The recently released NAPLAN 2017 results and findings from the latest Progress in International Reading Literacy Study (PIRLS) have got Australia talking again about how our children are faring when it comes to literacy.
We know from PIRLS, while most Australian children are meeting international benchmarks for reading at year 4, nearly one in five are not meeting these benchmarks. Australia has one of the largest proportions of students who fall below the “intermediate” benchmark into the “low” or “below low” categories, compared to other English-speaking countries, including the US, Canada, and England.
Despite the range of steps that have been taken to address literacy levels across Australia, a large proportion of children are still not meeting international standards for reading. So what other approaches could we try?
Parents: an untapped resource
Our findings from a study of 2,600 parents showed more than half of children under two and nearly half of children aged three to five are not being read to every day.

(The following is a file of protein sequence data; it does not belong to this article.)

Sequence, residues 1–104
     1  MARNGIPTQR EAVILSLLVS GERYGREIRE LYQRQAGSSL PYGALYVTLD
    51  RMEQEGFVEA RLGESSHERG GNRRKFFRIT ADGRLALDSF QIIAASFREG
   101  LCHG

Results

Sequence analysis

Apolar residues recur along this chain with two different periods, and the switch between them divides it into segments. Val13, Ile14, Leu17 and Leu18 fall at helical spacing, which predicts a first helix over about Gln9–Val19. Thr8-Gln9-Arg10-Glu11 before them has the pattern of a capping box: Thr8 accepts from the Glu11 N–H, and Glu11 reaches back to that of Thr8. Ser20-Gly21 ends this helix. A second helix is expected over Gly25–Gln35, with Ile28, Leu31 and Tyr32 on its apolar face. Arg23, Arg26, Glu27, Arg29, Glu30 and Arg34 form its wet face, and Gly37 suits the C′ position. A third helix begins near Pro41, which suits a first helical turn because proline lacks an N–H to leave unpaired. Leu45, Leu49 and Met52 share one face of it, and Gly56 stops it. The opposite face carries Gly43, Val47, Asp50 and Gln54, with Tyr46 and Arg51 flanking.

We found, while most children were being read to by an adult in the household four to five days a week, a concerning proportion were not being read to at all or very infrequently. Specifically, 13% of 0–2-year-olds and 4% of 3–5-year-olds were not read to at all by an adult at home in the previous week.
Our research also looked at how important parents’ educational values and aspirations for their children were and how they felt about their interactions with their children’s educators. The survey has national relevance, as most of the findings relate to broader parenting issues.